What I like about Happijar is that you can go into the app and shake your jar whenever you're feeling a bit down or panicked, and it will bring up one of your Happy moments to make you smile! It works pretty well for me...especially as pretty much all of my Happijar moments are about the kids, and being reminded of something funny Tyne said or a cute snap of Noah is almost guaranteed to help me to snap out of my dark place.

I also use an app called which allows you to choose from a number of calming scenes and sounds, and guides you through a short meditation - I find this very relaxing and particularly useful to use before bed or when I can feel the start of a panic attack coming on.

You can find out more about online methods to help with mental health problems in this page from Better Help: 

3. Distraction

When I feel that a panic attack is starting, the best way for me to stave it off is to distract my mind - this can be difficult to do as I'm aware of the impending panic and it feels like I'm racing against myself for control of my mind, desperately trying to help my "sane mind" to beat my "panicked mind"!

I have tried lots of distraction techniques over the years but the one that work best for me is to be drawn into a conversation about a topic that interests me  - Jon knows this and so we have developed a "Keyword" which I use to let him know that I am starting to feel panicky, and so he then tries to draw me into a conversation - this is a particularly useful approach if we're in public or with other people as its a way of asking for help without needing to let anybody else know whats happening!

I have also found that drawing myself into something light hearted and funny is a perfect distraction - for me the TV show "Friends" has always been my go-to as I know its fun and easy to watch - when I feel panic starting, often just putting a Friends DVD on can ease me out of it before it gets a grip.

4. Breathing Techniques

Of course there are times when the distraction techniques don't work and the panic does get a grip of me - when this happens and an attack is in full swing, the only way to get out of it is with controlled breathing.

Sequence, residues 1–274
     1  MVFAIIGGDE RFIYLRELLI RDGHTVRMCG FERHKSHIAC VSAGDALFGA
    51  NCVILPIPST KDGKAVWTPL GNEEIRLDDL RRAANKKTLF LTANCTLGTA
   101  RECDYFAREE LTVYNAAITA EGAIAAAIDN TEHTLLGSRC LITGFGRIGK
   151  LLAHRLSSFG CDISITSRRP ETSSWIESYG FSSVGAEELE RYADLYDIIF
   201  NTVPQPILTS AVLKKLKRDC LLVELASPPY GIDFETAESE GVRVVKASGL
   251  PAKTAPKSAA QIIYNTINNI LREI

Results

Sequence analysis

My therapist taught me to always remove my shoes and socks, place my feet firmly on the ground and sit up straight - preferably with my back against a wall if possible as this encourages us to sit up as straight as possible and makes breathing easier.

Having our feet firmly on the floor helps to give us a feeling of being grounded - while taking slow and steady breathes in through my nose and out through my mouth, I close my eyes and try to visualise the panic in me as a blue light, I try to visualise where in my body the panic is located and then imagine that blue light drifting down my body, down my legs and out from the soles of my feet into the ground.

Another technique that was recently recommended to me by a reader on my Facebook page is square breathing - to do this you locate a square object in your line of vision and then breathe in as you trace the top line with your eyes, and then out along the side line - you repeat this around the square as many times as necessary. I tried this recently as I felt a panic attack start and found it worked very well! Thank you to the lady who suggested this!

5. Herbal Remedies

As I mentioned, I have personally chosen to try to manage my anxiety without medication after having some negative experiences previously - however there are many herbal remedies on the market which I have found quite useful.

Kalms tablets and Rescue remedy drops are products that I always have to hand, and the drops in particular are something I find particularly helpful if I start to feel panicked when out and about as they are discreet to use and carry with me and I find that the physical act of putting drops onto my tongue helps to convince me that I'm taking action against the panic and seems to therefore ease it.

I also find chamomile tea very calming to sip on when I feel panicked.

I hope that these tips can be helpful to any of you who find yourselves suffering with panic, please leave a comment and let me know if you have any tips or techniques of your own as I am always keen to hear how other people handle their attacks and try out new suggestions.